A Short History of Barnsley


Barnsley, a prominent town in South Yorkshire County traces its origin down the lineage of Norman IIbert de Lace. First reference to this town is seen in the Doomsday Book. In this book, it’s called Berneslai and its population at the time was 200.

The town was handed down to IIbert de Lace after the Norman invasion that had taken place years earlier. Norman’s son, Robert, is well known as the founder of the priory of St. John the Evangelist in Pontefract. In 1090, Henry the son of Robert gave out the town to the priory. He did it as an act of endowment.

Growth of Barnsley into a commercial town

Barnsley was granted a permit to hold weekly markets and an annual affair in 1249. The market would be held on every Wednesday while the annual affair would last four days at Michaelmas. May Day Green Market, a prominent historical feature in Barnsley today was established at the same time.

From the 17th C onward, the town grew into a stop off center. People on the route between Sheffield, Wakefield, Landon and Leeds made the town their stop off point. Of course this resulted into trade. Hostelries and services related to it flourished.  Two centuries later, the center had already developed into a linen weaving hub. In fact, by 1974, the town had well over 500 looms. Manufacturing took center stage later which saw it grow to become a large trade centre.


Glass making is also another tradition so often associated with Barnsley. But the most famous of all commercial activities remains to be the coal industry. Midway into the 20th C, Barnsley had a total of 70 collieries lying just within a 15-mile radius of the town’s center. However, by 1994, almost all of them had been closed.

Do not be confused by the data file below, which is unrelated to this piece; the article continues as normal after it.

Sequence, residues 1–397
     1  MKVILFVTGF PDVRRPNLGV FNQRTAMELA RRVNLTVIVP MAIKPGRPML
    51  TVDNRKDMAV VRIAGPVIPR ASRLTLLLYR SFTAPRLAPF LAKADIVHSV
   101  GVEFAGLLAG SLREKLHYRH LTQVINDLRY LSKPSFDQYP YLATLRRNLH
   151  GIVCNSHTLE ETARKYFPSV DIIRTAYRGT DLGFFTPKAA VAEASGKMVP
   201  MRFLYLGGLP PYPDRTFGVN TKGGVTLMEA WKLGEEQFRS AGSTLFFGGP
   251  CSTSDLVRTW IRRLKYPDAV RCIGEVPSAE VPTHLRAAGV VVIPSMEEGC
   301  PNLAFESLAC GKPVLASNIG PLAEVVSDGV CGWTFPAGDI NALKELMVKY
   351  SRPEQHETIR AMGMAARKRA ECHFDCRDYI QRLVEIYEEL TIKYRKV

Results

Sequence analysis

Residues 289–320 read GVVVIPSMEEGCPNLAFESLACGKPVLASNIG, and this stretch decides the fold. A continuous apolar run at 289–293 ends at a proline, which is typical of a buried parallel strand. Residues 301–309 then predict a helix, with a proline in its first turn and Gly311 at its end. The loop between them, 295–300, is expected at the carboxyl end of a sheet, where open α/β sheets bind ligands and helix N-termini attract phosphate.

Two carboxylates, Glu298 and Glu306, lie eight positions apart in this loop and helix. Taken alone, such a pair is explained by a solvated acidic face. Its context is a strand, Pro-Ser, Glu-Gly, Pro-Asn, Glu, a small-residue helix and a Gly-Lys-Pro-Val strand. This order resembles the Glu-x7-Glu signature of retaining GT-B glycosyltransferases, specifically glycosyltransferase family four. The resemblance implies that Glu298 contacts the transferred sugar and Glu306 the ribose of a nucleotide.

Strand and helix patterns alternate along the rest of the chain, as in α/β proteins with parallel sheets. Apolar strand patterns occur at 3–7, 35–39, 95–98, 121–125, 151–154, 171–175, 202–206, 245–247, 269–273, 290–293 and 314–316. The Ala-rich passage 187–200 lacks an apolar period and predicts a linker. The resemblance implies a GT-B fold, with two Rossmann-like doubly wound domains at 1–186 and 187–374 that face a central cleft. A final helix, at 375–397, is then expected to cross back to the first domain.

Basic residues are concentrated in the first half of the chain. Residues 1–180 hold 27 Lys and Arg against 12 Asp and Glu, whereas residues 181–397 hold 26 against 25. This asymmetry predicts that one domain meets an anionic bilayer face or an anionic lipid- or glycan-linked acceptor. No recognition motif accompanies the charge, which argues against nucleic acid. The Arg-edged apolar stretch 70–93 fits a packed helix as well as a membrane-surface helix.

Emergence of Amenities and Modernisation

Come 1800, Barnsley was no longer just a centre. A few years earlier, an act of parliament had allowed numerous moors, commons and the waste ground to be enclosed to pave way for construction. Industrialisation is said to have found its first foot at this time.

Its population then was 3,600. As the 19th C neared a close, Barnsley had already earned its status as a town in its own right. Lighting, water, pavements and cleansing departments, a railway line, come into existence during this time.

Barnsley come to be a County Borough in 1913. Several years later, in the 70s, additional restructuring resulted in it becoming a Metropolitan Borough.

Barnsley Today

A futuristic plan dubbed ‘Re-making Barnsley’, started off by the town’s administration is currently underway. Through this ambitious plan, the town hopes to transform itself into a metropolis come a few decades later.

Commuters who operate in Sheffield and Leeds mostly use the town as a stop-over point to not only catch sleep but also take a rest. And if you are looking for place to set up a home, this town is your ideal place. It’s grown to be a much sought after area by many people.

Commercially, the town is today a huge commercial centre evidenced by its thriving hospitality industry and the hundreds of shops and businesses, including well-known brands such as Pollyanna. Not forgetting to mention the theatres, art gallery, design center and a range of decent restaurants and places to stay.

Barnsley prides itself in having plenty to offer to everyone who visits.